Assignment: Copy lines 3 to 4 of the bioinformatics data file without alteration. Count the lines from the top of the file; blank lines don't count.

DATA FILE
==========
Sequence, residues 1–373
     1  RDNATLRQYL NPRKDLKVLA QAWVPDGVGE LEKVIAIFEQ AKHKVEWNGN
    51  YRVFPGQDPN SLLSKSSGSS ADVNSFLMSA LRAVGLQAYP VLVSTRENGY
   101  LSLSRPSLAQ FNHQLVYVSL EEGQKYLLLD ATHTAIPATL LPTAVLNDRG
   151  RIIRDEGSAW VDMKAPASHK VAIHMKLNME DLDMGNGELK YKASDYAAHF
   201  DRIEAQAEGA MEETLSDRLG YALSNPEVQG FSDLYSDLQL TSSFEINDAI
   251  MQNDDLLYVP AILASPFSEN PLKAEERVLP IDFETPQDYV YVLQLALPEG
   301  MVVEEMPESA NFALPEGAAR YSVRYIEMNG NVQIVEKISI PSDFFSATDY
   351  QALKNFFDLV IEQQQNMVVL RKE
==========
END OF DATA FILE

    51  YRVFPGQDPN SLLSKSSGSS ADVNSFLMSA LRAVGLQAYP VLVSTRENGY
   101  LSLSRPSLAQ FNHQLVYVSL EEGQKYLLLD ATHTAIPATL LPTAVLNDRG